Rosenbaum adds that at JWA, history is an essential part of any contemporary Jewish communal story, and whenever JWA sees an opportunity to make connections and find partners willing to weave the historical piece into what they’re doing, the endeavor becomes a fruitful opportunity for everyone involved. “We’re all working towards the same goals and visions for the Jewish community,” she says. “A partnership like this is mutually supportive, and strengthens all of our work.”

What’s more, the partnership yielded a robust curriculum, complete with four modular lesson plans as well as a parent’s guide. Aimed at students in grades 5-7, the lessons focus on Jewish workers, employers and labor activists in the early 20th century, and directly complements the game but may also be used without the game component. Supplementary materials include traditional Jewish texts as well as stories about contemporary labor issues.

“The lesson plans are incredibly deep and are meant to support educators as they dive into the content,” explains Etta King, Education Programs Manager at JWA and a lead author of the curriculum. “We aren’t just looking at who these people were, but also, what was at stake for them, and what the connection was between the Jewish textual tradition that they might have encountered in their synagogues at the time, on a Saturday, versus what their lives looked like when they went back to work in the factories on a Monday.”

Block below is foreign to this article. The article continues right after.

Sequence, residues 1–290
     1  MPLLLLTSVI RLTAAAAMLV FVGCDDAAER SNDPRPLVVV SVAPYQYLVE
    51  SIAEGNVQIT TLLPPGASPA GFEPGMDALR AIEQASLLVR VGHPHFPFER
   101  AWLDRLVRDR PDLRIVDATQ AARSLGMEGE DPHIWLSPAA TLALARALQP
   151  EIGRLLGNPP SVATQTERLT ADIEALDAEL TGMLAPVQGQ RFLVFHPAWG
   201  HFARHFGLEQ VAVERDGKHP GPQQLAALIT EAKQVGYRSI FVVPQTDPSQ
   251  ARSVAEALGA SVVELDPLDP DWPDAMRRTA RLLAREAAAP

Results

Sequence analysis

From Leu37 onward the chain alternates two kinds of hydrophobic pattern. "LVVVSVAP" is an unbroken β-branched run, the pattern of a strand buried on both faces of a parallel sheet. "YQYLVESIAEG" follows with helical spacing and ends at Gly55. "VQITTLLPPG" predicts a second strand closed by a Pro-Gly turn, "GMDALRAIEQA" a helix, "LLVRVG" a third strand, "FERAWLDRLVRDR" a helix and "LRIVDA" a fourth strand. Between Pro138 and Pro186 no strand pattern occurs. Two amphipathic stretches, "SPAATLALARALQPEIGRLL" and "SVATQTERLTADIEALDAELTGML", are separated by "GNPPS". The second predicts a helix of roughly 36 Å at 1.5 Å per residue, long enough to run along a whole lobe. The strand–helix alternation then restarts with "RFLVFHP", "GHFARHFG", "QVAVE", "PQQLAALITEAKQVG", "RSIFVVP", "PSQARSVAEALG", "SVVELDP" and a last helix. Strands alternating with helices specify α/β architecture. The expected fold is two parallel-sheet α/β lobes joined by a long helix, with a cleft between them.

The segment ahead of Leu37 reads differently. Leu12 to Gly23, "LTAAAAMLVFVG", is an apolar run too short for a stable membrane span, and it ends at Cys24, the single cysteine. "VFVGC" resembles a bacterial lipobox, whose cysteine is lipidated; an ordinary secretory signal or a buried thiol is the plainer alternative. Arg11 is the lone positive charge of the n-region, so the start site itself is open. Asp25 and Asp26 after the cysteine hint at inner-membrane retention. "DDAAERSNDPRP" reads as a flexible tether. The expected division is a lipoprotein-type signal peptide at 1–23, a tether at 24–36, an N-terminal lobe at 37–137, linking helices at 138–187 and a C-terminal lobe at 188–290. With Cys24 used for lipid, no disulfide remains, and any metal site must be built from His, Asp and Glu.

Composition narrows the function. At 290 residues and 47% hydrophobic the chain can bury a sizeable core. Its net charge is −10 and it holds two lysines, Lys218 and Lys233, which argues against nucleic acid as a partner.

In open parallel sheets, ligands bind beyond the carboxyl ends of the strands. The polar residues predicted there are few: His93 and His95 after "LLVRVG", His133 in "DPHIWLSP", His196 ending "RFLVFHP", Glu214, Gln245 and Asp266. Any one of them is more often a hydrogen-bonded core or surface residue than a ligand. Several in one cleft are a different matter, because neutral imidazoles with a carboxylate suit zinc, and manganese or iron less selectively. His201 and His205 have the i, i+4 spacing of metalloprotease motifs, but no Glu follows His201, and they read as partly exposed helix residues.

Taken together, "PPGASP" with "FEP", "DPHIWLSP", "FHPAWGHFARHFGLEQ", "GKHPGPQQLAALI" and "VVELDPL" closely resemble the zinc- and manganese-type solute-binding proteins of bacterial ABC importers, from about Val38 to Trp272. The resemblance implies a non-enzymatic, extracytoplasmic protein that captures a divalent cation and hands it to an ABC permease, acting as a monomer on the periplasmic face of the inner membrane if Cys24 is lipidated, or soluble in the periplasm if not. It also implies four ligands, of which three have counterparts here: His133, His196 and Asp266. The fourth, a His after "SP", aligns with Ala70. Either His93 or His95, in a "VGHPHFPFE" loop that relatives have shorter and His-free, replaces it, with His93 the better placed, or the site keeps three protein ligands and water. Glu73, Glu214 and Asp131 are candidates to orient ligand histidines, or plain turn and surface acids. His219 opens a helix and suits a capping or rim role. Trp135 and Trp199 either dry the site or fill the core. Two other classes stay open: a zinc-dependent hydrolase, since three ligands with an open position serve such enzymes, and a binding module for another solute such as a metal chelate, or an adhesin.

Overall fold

King adds that the lesson plans provide “scaffolding” for teachers, so that they may adapt the material as it fits their educational goals. “I think that teachers who are doing a project-based learning unit about immigration or social justice projects with their students will find a plethora of resources here,” she asserts. King adds that the audience for this material is “everywhere.” Since it’s all online, people from all over the world can find their way to these resources and put them to use in their educational settings.

“I don’t know if students will experience one of these lesson plans and then decide to become a union organizer,” King adds, “but I do think that an encounter with this material helps them become critical thinkers, build a relationship with the idea of justice activism, and gives them a framework for understanding labor issues today.”

Labor issues, citizen journalism, issues-based advocacy, the tango between power and organization—these timely topics are all explored through Jewish Time Jump and its related curriculum, and the pedagogy is inquiry-based learning at its best.

As Rabbi Gottlieb attests, the overarching goal of Jewish Time Jump is an attempt to build good leaders for the Jewish community of the future. “This game is at the heart of the intersection between tikkun olam and democracy, he offers, “and it’s about our commitment as Jews to acts of social justice and to what it means to be a good citizen.”

But perhaps most importantly, playing Jewish Time Jump and then exploring the related texts and stories gives kids a chance to reach a hand back through the dusty annals of time to try and touch some of their history, if only once they’ve lifted their heads from the screen and engaged in a conversation about what they’ve just learned. Perhaps they’ll be prompted to ask questions about their great-grandparents, who might have owned a shop, or at some point, been members of a union. And then, perhaps, they’ll take that very immediate connection to their own family history, and through twin lenses of compassion and multiple perspectives, begin to consider and reconsider the world around them, and their place in it.